I'm writing a job-scheduling app in Ruby for my work (primarily to move files using various protocol at a given frequency)

My main loop looks like this :

while true do
  # some code to launch the proper job
  sleep CONFIG["interval"]

It's working like a charm, but I'm not really sure if it is safe enough as the application might run on a server with cpu-intensive software running.

Is there another way to do the same thing, or is sleep() safe enough in my case ?


Any time I feel the need to block, I use an event loop; usually libev. Here is a Ruby binding:


Basically, sleep is perfectly fine if you want your process to go to sleep without having anything else going on in the background. If you ever want to do other things, though, like sleep and also wait for TCP connections or a filehandle to become readable, then you're going to have to use an event loop. So, why not just use one at the beginning?

The flow of your application will be:

main {
   Timer->new( after => 0, every => 60 seconds, run => { <do your work> } )

When you want to do other stuff, you just create the watcher, and it happens for you. (The jobs that you are running can also create watchers.)

  • How do you break this loop if condition is met?
    – Fadi
    Nov 15 '16 at 14:37

Using sleep is likely OK for quick and dirty things. But for things that need a bit more robustness or reliability I suggest that sleep is evil :) The problem with sleeping is that the thread is (I'm assuming Windows here...) is truly asleep - the scheduler will not run the thread until some time after sleep interval has passed.

During this time, the thread will not wake up for anything. This means it cannot be canceled, or wake up to process some kind of event. Of course, the process can be killed, but that doesn't give the sleeping thread an opportunity to wake up and clean anything up.

I'm not familiar with Ruby, but I assume it has some kind of facility for waiting on multiple things. If you can, I suggest that instead of using sleep, you waint on two things\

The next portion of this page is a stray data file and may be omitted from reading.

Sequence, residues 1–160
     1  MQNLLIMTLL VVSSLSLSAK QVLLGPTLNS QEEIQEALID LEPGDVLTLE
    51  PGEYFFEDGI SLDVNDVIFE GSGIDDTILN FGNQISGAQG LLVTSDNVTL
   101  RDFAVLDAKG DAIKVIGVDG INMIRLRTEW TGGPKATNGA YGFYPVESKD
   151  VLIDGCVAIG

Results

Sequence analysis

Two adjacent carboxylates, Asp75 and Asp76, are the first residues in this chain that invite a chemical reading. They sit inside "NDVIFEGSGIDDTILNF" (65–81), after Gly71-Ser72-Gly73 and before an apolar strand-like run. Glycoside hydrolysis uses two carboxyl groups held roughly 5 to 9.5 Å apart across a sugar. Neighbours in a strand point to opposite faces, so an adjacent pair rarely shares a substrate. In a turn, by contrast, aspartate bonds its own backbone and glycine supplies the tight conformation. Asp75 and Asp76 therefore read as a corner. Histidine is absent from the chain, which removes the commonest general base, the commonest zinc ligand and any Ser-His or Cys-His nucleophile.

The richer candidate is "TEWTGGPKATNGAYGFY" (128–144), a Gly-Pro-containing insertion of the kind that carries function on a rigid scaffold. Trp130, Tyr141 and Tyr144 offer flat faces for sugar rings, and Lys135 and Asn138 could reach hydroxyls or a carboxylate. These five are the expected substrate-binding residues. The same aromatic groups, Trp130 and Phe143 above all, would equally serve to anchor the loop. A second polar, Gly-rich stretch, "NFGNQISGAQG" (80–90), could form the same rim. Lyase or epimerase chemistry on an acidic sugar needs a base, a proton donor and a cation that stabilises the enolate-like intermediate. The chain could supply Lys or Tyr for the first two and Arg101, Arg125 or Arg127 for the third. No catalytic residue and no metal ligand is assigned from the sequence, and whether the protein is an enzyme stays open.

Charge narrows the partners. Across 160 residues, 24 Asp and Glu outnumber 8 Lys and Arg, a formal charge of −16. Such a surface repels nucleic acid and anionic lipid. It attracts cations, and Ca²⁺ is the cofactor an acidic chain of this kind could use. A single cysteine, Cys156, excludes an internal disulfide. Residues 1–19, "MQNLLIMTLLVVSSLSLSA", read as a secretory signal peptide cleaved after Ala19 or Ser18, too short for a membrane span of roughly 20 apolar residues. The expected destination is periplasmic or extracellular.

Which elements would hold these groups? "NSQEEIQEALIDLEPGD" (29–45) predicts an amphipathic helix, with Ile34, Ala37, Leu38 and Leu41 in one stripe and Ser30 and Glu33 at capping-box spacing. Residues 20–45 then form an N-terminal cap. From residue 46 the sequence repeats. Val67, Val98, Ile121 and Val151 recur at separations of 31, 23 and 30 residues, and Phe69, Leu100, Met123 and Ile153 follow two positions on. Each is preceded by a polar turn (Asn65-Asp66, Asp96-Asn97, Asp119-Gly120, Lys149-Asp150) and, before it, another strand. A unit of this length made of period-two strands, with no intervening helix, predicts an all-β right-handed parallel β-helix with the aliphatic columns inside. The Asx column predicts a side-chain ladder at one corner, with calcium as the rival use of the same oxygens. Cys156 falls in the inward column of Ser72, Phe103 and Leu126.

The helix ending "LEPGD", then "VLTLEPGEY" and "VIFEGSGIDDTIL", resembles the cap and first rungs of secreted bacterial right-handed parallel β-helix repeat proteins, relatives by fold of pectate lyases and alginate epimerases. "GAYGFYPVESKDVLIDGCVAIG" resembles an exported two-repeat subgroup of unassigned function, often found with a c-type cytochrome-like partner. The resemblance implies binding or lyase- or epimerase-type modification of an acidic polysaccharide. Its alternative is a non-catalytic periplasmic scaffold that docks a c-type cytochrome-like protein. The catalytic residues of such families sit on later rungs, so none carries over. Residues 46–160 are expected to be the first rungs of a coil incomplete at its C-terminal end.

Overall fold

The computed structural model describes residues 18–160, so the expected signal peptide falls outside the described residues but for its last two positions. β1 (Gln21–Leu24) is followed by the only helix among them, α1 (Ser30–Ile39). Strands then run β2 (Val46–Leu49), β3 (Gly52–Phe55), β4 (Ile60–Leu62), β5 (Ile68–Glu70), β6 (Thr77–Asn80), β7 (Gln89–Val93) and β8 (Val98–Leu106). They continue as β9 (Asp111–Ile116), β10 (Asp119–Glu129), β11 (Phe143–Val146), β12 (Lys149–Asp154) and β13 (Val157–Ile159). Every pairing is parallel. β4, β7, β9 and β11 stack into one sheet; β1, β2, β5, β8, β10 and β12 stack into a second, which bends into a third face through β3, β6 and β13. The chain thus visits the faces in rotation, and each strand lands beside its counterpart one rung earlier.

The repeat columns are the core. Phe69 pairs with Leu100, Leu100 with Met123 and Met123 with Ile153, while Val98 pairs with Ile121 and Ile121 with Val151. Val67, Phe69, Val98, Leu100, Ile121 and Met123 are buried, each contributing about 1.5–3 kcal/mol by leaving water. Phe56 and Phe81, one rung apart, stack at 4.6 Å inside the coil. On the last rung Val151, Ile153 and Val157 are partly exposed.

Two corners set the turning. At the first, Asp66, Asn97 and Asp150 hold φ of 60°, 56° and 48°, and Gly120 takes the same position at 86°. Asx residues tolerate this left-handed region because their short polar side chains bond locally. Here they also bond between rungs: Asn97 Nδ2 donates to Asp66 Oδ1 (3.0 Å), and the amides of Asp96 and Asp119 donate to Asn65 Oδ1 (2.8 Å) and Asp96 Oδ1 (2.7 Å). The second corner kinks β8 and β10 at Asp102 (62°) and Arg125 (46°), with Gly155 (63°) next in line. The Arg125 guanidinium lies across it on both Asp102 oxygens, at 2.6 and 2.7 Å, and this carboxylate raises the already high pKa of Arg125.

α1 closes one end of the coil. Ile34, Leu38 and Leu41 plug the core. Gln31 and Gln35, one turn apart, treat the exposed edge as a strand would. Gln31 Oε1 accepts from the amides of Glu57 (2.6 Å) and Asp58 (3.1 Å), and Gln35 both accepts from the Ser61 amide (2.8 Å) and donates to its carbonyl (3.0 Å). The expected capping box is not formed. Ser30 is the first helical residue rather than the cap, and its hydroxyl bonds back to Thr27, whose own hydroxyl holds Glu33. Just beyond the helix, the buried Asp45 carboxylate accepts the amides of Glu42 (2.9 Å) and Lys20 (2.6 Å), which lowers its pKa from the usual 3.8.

1. A timer that wakes the thread periodically to do its work.
  2. An event that is set when he process needs to cancel or quite (trapping control-C for example).

It would be even better if there is some kind of event that can be used to signal the need to do work. This would avoid polling on a timer. This generally leads to lower resource utilization and a more responsive system.


If you don't need an exact interval, then it makes sense to me. If you need to be awoken at regular times without drift, you probably want to use some kind of external timer. But when you're asleep, you're not using CPU resources. It's the task switch that's expensive.


While sleep(timeout) is perfectly appropriate for some designs, there's one important caveat to bear in mind.

Ruby installs signal handlers with SA_RESTART (see here), meaning that your sleep (or equivalent select(nil, nil, nil, timeout)) cannot easily be interrupted. Your signal handler will fire, but the program will go right back to sleep. This may be inconvenient if you wished to react timely to, say, a SIGTERM.

Consider that ...

#! /usr/bin/ruby
Signal.trap("USR1") { puts "Hey, wake up!" }
Process.fork() { sleep 2 and Process.kill("USR1", Process.ppid) }
sleep 30
puts "Zzz.  I enjoyed my nap."

... will take about 30 seconds to execute, rather than 2.

As a workaround, you might instead throw an exception in your signal handler, which would interrupt the sleep (or anything else!) above. You might also switch to a select-based loop and use a variant of the self-pipe trick to wake up "early" upon receipt of a signal. As others have pointed out, fully-featured event libraries are available, too.

  • 2
    This is not very pretty, but would it work to just do 10.times { sleep 1 } ? This would be like sleeping for 10 but give you a max time to respond of 1 second. Jun 18 '12 at 18:47

It wont use CPU while it is sleeping but if you are sleeping for a long time I would be more concerned of the running ruby interpreter holding up memory while it wasn't doing anything. This is not that big of a deal tho.

  • If I understand correctly, this means it uses memory resources but not CPU resources while sleeping? Sep 13 '13 at 21:57

Your Answer

By clicking “Post Your Answer”, you agree to our terms of service, privacy policy and cookie policy

Not the answer you're looking for? Browse other questions tagged or ask your own question.